One of the issues that will be facing City Council this year is
deciding how to fund the south end rock sewer tunnel. The $31 million
tunnel will greatly benefit any development in that part of the city, but
it comes with a financial obligation of approximately $8000 per projected
home that is to be built over the next 40 years. Without the construction
of the sewer tunnel, the under capacity of the existing sewer system would
restrict, if not prohibit any further development in the south end.
The project was to have been a joint venture between several levels
of government, including the City of
Apparently, however, there is an $8 million shortfall due to the fact that
the federal government did not come up with it’s one third of the
project. This shortfall must be made up from somewhere else.
All city residents, including those living in
and Capreol are now paying for the City’s
share of the tunnel costs through taxes as well as water and sewer levies.
Now, it appears as if more of our taxes will be needed to pay for the
shortfall unless Council decides to charge developers directly for the
full amount of the needed finances. At the present time, Council appears
to be prepared to charge developers of residential homes half of the
shortfall, or $4000 - $5000 with the rest of the money coming out of the general
municipal tax base
OF THE COST TO UPGRADE SEWER & WATER
It is the policy of the City of Greater Sudbury to pick up half of the
cost of sewer and water upgrades for any given area of the city if it
improves services to existing, older homes, as is the case in the south
end. In new developments, the developer must bear the full cost of any
upgrades. Therefore, the shortfall will have to be made up by existing
ratepayers across the city.
WILL THE TUNNEL BENEFIT?
The tunnel will admittedly allow a great deal more residential and
commercial development in the south end, however, people living in
are questioning the wisdom of spending money on infrastructure to develop
the south end when there already exists sufficient infrastructure in
for that kind of development. Further, if the
City decides to enhance the infrastructure of the south end, then why
should residents of
have to pay with a portion of their
Proponents of developing the south end say that the entire city
will benefit from any expansion of homes and commercial buildings in that
area. The increase in the tax base will pay for the investment over time. They also say that the south end is where the demand is. Once again,
beg to differ, and can make a solid argument
that the demand is indeed in the ‘North End”, namely in
and not in the South End at all.
30 YEAR CENSUS HISTORY
Another census is about to take place in 2006. One is done every
five years. The results of the 2006 census are not expected to be
available until around 2008, however, for now all we need to do is examine
the long-term census figures from 1971 to 2001 to demonstrate where the
real demand is for growth.
During the period from 1971 to 2001, the population of the entire
Greater Sudbury Area fell by over 9%, going from a high of 169,580 to its
2001 level of 153,920.
OF 25% IN VALLEY EAST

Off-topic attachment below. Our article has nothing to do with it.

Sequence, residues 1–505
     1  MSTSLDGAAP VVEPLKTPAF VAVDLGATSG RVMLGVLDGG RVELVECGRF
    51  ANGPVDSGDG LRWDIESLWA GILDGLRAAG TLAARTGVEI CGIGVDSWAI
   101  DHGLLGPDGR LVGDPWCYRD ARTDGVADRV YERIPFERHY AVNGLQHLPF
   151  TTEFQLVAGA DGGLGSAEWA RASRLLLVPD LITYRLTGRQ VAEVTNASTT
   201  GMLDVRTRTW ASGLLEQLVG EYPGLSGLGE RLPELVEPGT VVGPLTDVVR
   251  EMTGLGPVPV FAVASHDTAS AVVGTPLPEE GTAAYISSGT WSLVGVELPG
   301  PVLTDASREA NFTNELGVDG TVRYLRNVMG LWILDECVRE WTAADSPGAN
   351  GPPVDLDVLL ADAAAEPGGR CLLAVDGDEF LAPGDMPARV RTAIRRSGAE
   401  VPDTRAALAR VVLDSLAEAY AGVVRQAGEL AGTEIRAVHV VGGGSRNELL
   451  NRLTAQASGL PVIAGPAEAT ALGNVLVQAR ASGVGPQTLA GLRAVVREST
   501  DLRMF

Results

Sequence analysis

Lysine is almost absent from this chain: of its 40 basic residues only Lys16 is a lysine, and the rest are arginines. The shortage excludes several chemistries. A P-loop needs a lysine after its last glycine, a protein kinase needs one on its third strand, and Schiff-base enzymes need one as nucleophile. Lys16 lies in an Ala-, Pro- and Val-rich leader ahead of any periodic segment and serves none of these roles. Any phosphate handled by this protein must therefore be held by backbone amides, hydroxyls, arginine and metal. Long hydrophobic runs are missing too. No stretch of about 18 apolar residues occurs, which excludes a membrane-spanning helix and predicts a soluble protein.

During that same period of time, the community of
was governed by al local municipal government. We had our own Mayor and
Council and even achieved the status of CITY prior to amalgamation in
January 2001. During that time Valley East
had a very strong economic development
committee and the council actively promoted the community. Therefore, while
the entire region was in the midst of losing residents, the town of
experienced an increase in population of 25%.
Let me repeat –
increased in size by 25% while the entire region lost 9%. Comparatively,
the former City of
itself saw a drop in population of 15%.
GROWTH OF 106% IN NUMBER OF HOUSEHOLDS
When we examine the number of households in the region during those
same 30 years, we see that there was an overall increase in the number of
households of 47%. The town of
, however, was the only one of the seven
original municipalities to experience a triple-digit increase in the
number of households.
increased in size by 106%, more than doubling its size. The closest
municipality to us was Rayside Balfour which increased its number of
households by 71%. The old city of
went up 37%.
HIGHEST AVERAGE HOUSEHOLD INCOME LEVEL
Let us examine one more piece of data. In 1970, Walden had the
highest average household income of all seven municipalities. At that
ranked 5th out of seven. Thirty
years later, in the year 2000, Walden still held on to first place, but
had climbed into 2nd place, just
WHERE IS THE REAL DEMAND?
Many Valley East residents
are claiming that the real demand for growth and development is not in
the south end, but rather in
East? People who move into the Sudbury area have
to Valley East. There is plenty of space available in the Valley East
industrial park. There is plenty of land available for residential
expansion. Basically, Valley East has everything, and yet, it appears as
if much of the development is
being directed to the south end of the city.
MANUFACTURING AN ARTIFICIAL DEMAND?
Many people in
are concerned that the city staff and council is trying to artificially
manufacture a demand in the south end. It is obvious that Valley
has been the major growth area for the period
from 1971 to 2001 and should have been given consideration for development
investment. Especially since
has much of the infrastructure already in place. We do not need a rock
EAST RESIDENTS DO NOT WANT TO PAY FOR THE SOUTH END
With taxes being increased, and services cut, local residents are
going to ask some very hard questions about why we should pay even more to
develop the south end and help stimulate growth in an area that is
developing at a much slower pace than we are experiencing in
Valley East. Answers are expected
to be forthcoming as we approach the municipal elections in November.